Steve Stoute's New Venture, UnitedMasters, Disrupts the Record Industry
Lifestyle Technology

Steve Stoute’s New Venture, UnitedMasters, Disrupts the Record Industry

Steve Stoute (Image: Instagram)
Steve Stoute (Image: Instagram)

The record industry has been ripe for disruption for years and who better to do it than music veteran Steve Stoute. His new venture, UnitedMasters, will help up-and-coming artists get their music on streaming platforms such as Spotify and Pandora and use online tools to market the musicians and help them reach fans, according to The Wall Street Journal, and investors came through for this one.



Superstar investment firms backed the company including Google parent Alphabet Inc., Andreessen Horowitz, and 21st Century Fox, totaling $70 million.

“The new firm helps answer the question of how do you convert cultural capital into financial capital,” said Ben Horowitz in a statement.



The San Francisco-based company already houses a 40-person team and because of Stoute’s background as a leading music industry exec for labels including Interscope and Sony Music Entertainment, he knows very specifically what the music industry needs in order to reinvent its business model.

Steve Stoute (Image: Instagram)
Steve Stoute (Image: Instagram)


Business Model


Similar to CD Baby, a platform that rose to popularity in the early 2000s, artists who work with UnitedMasters will pay to have the company distribute their work. UnitedMasters has teamed up with music streaming services as distribution partners aiming to keep low price points for their users. There is also a variation in payout. Whereas some services only offer payments per stream, UnitedMasters is allowing the artists to diversify the payment structure to include ticket sales and merchandise.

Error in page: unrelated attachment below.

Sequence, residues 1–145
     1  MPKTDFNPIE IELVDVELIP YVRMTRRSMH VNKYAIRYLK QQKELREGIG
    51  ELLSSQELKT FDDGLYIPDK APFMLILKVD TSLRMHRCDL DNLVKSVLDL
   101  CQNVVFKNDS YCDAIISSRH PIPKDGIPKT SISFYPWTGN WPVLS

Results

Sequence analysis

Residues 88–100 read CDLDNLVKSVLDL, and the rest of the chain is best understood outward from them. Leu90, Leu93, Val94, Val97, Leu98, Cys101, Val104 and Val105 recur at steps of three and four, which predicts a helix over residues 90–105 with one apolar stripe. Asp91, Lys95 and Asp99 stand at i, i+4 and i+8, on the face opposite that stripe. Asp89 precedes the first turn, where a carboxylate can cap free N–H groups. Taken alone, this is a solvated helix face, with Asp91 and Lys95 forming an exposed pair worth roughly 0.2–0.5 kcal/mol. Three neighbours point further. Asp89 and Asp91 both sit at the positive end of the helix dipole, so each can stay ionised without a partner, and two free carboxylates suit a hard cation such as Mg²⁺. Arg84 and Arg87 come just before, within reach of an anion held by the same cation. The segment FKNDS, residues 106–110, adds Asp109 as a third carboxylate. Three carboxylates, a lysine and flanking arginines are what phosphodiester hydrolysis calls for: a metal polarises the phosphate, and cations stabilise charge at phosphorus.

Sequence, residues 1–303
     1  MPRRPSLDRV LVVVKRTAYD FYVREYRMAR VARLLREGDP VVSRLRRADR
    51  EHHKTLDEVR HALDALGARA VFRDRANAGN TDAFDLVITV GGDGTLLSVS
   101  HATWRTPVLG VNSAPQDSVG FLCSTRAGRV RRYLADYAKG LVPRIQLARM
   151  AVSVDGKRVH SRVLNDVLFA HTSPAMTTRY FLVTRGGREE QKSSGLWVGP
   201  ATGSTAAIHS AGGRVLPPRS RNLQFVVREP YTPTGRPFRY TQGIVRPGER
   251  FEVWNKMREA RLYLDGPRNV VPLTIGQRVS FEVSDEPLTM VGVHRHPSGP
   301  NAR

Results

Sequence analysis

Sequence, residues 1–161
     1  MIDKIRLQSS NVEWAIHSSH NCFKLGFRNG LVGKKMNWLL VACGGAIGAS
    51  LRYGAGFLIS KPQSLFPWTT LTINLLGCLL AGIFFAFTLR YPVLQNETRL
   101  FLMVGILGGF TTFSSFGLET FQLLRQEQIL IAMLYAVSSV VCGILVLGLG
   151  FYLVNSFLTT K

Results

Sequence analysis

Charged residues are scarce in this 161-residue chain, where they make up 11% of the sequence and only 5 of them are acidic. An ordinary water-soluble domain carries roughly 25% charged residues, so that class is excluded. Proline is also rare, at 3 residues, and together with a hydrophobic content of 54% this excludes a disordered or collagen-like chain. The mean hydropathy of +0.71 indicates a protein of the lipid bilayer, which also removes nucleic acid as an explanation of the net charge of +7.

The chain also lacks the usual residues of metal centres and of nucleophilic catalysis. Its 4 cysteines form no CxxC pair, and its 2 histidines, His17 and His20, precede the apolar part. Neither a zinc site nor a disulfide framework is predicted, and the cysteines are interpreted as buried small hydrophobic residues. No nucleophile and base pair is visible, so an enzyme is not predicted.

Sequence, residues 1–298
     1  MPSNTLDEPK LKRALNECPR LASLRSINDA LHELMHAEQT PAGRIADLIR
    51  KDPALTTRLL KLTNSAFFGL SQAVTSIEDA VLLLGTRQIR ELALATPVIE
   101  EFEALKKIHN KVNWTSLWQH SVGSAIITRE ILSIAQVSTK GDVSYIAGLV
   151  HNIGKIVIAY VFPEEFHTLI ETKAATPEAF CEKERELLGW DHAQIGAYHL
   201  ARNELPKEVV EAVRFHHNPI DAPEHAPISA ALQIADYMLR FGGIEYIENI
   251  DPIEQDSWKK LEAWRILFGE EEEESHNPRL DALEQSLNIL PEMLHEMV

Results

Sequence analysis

Data Analytics


The most important point to note here is UnitedMasters will help brands connect with highly targeted audiences through data analytics. The difference between the music industry and Stoute’s platform is the label never knows who specifically is purchasing the artist’s music. However, with this service being driven by data, UnitedMasters can provide the brands with insights that the companies can A/B test against, therefore better-targeting the consumer.

“Brands are spending hundreds of millions of dollars trying to get to young people by using music as the vehicle,” Stoute said in a statement to The Wall Street Journal. “Being able to use music data and making it actionable so they can target and speak to these fans, that’s super important.”

UnitedMasters will live under Translation Enterprises, which also houses Stoute’s ad agency, Translation.